Mental health

Shaming me for taking meds? Let’s talk.

Depression is a difficult illness to explain, mostly because even experts are not yet sure as to what causes it.

Whatever the cause may be, there’s a stigma surrounding mental illness and even more of a stigma when it comes to admitting that you take antidepressants, anti-psychotics, and anti-anxiety meds to help you.

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I want to be clear that meds are not for everyone.

It’s not like you run to a shrink and they throw pills at you right away. Those whose symptoms are mild may be able to manage using cognitive behavioral therapy or other similar techniques.

If you suffer from a mental illness and don’t feel the need for meds, you do you! I’m happy for you, because meds are effing expensive. Personally, it takes a combination of meds and counseling for me to function. I use a combination of medication, talk therapy, and CBT to be able to cope with the stresses of life.


For those like me whose symptoms are moderate to severe, meds are absolutely a lifesaver.

I won’t deny that taking a half pill of Aripiprazole has calmed me down when I was feeling suicidal. Also, when I skip taking my Clonazepam, my anxiety acts up in a really bad way.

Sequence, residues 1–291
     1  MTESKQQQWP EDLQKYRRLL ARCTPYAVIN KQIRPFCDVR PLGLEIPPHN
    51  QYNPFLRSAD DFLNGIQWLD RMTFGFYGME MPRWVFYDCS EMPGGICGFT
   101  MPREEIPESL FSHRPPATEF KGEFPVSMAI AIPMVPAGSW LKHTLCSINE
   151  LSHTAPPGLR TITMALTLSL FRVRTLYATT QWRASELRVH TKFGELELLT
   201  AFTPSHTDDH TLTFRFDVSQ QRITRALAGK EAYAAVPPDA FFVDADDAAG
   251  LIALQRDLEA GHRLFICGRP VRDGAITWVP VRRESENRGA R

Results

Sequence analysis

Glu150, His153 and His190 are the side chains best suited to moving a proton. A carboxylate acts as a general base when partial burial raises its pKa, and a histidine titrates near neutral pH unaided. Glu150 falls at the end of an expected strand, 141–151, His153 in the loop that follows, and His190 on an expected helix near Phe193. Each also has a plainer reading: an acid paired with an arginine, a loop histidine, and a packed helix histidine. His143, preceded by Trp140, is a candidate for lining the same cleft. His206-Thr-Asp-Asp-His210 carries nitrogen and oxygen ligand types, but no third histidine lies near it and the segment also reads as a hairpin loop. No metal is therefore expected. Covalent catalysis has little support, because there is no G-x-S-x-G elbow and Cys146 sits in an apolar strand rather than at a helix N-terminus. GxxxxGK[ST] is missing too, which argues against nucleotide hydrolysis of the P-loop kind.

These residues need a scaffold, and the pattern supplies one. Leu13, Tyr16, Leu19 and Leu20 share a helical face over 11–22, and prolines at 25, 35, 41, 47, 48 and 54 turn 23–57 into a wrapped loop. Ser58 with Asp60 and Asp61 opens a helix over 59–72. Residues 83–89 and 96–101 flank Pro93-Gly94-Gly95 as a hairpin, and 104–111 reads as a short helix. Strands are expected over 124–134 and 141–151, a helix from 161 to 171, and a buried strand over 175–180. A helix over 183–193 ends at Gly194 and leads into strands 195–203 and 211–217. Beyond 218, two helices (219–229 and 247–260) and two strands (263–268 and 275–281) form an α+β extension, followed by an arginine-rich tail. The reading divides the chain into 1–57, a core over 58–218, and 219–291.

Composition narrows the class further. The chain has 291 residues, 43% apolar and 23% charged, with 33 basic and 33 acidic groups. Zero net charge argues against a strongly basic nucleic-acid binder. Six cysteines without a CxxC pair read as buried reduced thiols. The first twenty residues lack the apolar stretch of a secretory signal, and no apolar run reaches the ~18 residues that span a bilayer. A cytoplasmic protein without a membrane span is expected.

Am I dependent on my meds? Possibly. Is it something to be ashamed of?

Should an asthmatic person be ashamed of always carrying their inhaler, or should a person with heart disease be ashamed of taking daily maintenance meds?


See, what really pisses me off is the notion that mental illnesses are somehow “less than” physical illness, as though we can will our symptoms away. I understand how they arrive at this misconception; still, it is utterly unfair for them to judge the mentally ill when they have no idea what we go through on a daily basis.


My depression is a daily battle, and I need all the help I can get.

There are lots of days when I get too little sleep and everything feels hazy to me. Then there are days when it takes all the strength I have not to cry. My depression paralyzes me constantly. If meds are helping me cope – what’s so wrong with that?


I hope the stigma around psychiatric medication, and mental illness as a whole, lessens over time. Life as a depressive is difficult enough as it is without hearing judgment from people who have no idea what I go through.

Ela is a twentysomething who is constantly getting stuck in self-destructive behavior and bouts of low self-esteem. She struggles with depression and writes to relieve herself of her feelings. Sometimes she even blogs about other things like makeup and positivity. One of her pieces was published in the Inquirer Young Blood in October 2017. She likes cats, dogs, and sometimes even people.


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